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A water key is a valve or tap used to allow the drainage of accumulated fluid, consisting of condensed breath moisture, from musical instruments such as trombones or trumpets. It is otherwise known as a water valve or, less euphemistically, a spit valve. In valved instruments, they are found always on the main tuning slide, and sometimes on valve slides. On the trombone, it is on the downwind side of the bend in the hand slide. Baritone saxophones have a water key at the bottom of the loop at the top of the instrument.
They are often erroneously referred to as "spit valves", as the myth persists that some or much of the liquid consists of spit. It doesn't. The amount of water accumulated is directly in proportion to the size of the instrument, and the amount of metal exposed to the air, which in turn enables the process of condensation due warm, moist air from the lungs meeting metal cooled by room-temperature air.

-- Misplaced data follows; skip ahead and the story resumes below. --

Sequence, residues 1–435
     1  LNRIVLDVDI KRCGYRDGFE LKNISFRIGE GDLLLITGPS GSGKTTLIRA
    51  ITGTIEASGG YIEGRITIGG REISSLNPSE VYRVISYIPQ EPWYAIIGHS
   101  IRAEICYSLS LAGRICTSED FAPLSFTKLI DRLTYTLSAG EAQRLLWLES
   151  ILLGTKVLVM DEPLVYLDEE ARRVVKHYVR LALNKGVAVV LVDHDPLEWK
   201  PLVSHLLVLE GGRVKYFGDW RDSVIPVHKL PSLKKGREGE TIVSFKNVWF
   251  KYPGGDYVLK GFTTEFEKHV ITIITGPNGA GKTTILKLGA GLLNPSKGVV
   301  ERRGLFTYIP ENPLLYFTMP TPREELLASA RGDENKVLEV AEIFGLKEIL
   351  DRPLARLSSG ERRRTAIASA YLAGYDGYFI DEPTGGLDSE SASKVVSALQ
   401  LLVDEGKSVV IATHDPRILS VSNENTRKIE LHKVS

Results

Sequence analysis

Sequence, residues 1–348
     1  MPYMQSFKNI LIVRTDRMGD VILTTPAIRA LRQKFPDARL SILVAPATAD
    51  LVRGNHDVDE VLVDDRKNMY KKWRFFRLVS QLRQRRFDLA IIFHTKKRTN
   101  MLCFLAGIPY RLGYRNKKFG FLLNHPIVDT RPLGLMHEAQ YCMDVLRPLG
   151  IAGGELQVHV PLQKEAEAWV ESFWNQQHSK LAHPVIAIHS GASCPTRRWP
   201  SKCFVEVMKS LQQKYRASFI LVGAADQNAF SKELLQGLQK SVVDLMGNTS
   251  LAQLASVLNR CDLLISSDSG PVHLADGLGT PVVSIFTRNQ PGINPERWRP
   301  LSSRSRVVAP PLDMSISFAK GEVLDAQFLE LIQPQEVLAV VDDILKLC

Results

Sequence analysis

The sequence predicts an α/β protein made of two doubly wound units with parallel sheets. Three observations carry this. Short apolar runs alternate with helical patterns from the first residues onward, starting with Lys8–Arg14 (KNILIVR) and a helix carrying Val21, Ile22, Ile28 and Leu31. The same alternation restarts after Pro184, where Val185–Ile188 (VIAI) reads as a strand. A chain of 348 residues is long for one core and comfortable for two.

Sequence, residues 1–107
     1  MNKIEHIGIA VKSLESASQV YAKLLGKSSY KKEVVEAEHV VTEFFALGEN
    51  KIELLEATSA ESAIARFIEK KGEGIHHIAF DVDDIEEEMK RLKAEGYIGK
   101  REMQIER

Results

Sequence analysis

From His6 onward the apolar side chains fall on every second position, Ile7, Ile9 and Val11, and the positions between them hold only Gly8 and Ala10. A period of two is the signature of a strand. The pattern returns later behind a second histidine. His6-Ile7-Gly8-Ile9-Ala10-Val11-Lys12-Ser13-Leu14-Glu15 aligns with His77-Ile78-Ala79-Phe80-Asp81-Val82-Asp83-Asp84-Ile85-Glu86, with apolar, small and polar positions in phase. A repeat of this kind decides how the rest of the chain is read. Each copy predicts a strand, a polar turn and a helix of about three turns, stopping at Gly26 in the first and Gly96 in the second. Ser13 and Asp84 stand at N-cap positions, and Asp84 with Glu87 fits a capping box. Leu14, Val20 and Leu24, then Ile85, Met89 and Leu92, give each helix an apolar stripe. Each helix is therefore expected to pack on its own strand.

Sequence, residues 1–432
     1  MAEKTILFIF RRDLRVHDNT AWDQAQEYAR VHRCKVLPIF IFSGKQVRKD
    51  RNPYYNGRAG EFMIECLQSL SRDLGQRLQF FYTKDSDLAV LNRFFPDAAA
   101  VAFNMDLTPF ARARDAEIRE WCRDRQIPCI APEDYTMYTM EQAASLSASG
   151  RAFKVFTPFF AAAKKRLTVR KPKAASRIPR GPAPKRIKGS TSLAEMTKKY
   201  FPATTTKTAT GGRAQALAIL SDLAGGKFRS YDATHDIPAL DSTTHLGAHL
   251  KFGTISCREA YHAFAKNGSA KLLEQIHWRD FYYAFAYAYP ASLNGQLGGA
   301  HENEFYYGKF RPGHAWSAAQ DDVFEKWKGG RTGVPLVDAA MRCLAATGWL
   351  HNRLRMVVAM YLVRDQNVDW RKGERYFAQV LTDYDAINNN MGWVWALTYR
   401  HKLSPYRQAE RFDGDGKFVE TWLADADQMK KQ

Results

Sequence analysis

Water keys are of two types.
The older, traditional design features a simple lever key as found on woodwinds, but with a cork rather than a pad in the cup. A spring holds the cork against a raised hollow cylinder mounted on the slide or loop during play. To drain, the player presses the non-cup end of the key towards the instrument to open the valve.
The other design is called an Amado water key after its inventor. It consists of a short hollow cylinder mounted transversely on the slide. The cylinder has a button on one side that operates an enclosed stopper valve held shut with a spring, and a hole on the bottom side to drain the water. The player presses the button and blows into the horn to drain the water. The Amado design has the advantage that it presents less of a deviation from a smooth inner slide wall that the larger-volume drain port in the traditional design. Nevertheless, most modern horns are still fitted with the traditional design of water key.
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